Pope Francis made an unscheduled visit to a statue that refutes centuries of anti-Semitic imagery in Catholic art.
The pope and his friend, Buenos Aires rabbi Abraham Skorka, on Sunday visited the campus of St. Joseph’s University in Philadelphia so that the pope could bless the sculpture “Synagoga and Ecclesia in Our Time,” commissioned by the university’s Institute for Jewish-Catholic Relations. The artwork had been dedicated two days earlier, with Skorka serving as keynote speaker at the dedication, the Forward reported.
The sculpture by artist Joshua Koffman shows a female figure representing the Church sitting next to another female figure representing the Synagogue, each holding their holy scriptures, which they appear to be discussing.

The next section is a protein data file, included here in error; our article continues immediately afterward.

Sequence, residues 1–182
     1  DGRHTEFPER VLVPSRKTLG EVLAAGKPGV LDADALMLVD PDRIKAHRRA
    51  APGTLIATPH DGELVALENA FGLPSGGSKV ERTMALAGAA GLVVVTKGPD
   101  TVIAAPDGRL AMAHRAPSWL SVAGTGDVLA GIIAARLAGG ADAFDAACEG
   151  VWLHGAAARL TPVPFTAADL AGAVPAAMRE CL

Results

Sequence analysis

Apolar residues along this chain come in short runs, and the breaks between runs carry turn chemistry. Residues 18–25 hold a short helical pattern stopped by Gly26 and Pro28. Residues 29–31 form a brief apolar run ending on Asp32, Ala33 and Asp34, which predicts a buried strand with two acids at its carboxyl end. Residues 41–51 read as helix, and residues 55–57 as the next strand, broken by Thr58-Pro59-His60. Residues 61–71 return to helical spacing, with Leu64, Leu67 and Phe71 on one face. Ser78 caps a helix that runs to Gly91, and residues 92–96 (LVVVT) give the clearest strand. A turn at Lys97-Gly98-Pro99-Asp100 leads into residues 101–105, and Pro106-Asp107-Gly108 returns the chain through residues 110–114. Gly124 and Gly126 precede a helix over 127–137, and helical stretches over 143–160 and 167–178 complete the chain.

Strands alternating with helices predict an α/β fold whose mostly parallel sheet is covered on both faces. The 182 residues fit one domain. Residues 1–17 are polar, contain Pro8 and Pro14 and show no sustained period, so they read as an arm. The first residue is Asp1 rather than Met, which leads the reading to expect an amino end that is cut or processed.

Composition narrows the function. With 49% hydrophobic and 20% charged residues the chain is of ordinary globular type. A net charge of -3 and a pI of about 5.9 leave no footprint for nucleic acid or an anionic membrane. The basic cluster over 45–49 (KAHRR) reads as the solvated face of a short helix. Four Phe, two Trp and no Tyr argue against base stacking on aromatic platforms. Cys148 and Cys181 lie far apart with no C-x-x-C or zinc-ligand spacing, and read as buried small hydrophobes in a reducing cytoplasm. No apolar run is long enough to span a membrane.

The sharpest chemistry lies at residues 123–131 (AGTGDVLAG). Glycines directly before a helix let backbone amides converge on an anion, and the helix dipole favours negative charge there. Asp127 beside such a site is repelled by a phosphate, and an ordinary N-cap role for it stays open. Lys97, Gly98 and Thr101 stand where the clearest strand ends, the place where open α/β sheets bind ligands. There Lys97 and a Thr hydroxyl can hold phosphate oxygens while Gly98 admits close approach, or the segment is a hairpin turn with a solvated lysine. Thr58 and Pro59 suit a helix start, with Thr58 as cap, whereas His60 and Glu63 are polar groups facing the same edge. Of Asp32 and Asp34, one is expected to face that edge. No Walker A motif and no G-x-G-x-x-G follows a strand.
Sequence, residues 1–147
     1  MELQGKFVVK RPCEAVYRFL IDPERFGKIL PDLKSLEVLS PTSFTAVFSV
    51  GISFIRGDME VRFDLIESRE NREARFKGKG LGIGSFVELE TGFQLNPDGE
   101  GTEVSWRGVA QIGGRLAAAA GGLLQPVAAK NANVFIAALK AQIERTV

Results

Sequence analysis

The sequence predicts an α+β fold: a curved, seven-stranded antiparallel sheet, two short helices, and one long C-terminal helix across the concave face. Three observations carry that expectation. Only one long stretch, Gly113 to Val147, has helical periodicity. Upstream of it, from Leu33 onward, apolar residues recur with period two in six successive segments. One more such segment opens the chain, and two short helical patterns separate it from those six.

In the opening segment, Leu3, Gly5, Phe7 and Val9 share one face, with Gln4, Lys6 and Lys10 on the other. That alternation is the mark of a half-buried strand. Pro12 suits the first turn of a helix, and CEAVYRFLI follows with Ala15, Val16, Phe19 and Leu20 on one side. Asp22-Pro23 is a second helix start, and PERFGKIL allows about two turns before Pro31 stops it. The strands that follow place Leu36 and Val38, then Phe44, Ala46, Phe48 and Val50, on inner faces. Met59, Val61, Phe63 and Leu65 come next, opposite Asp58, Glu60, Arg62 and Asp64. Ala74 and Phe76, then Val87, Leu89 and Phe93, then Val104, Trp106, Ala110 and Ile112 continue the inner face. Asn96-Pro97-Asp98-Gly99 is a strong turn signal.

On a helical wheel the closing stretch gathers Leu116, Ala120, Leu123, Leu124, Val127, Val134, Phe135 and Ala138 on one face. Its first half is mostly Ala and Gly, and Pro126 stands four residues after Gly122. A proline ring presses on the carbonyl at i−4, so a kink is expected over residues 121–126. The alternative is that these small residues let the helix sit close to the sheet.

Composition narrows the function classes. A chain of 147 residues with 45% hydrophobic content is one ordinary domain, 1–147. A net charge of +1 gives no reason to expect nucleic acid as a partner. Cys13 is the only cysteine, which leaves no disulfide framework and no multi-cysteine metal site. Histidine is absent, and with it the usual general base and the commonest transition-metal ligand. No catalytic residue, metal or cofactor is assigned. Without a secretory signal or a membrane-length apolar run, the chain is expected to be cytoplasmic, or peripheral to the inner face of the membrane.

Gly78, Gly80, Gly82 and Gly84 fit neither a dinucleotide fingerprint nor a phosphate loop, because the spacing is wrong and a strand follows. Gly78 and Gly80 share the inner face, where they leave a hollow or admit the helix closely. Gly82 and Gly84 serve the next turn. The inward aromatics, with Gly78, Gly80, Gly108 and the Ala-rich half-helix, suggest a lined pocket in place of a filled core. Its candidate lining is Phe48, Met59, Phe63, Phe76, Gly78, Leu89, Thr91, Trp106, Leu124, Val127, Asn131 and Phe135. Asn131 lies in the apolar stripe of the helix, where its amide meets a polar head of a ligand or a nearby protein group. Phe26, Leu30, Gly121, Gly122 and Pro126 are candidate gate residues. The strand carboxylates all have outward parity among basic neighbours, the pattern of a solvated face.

It is meant to counter centuries of art in which the Christian “Ecclesia” wearing a crown stands triumphant, while a woman representing “Synagoga,” is blindfolded and her staff broken.
— SJUTheology&Religion (@SJUTheoRel) September 25, 2015
“This statue is exactly a demonstration of two sisters of the same dignity, the church and the synagogue,” Vatican spokesman Rev. Federico Lombardi told reporters before the pope’s visit to the statue.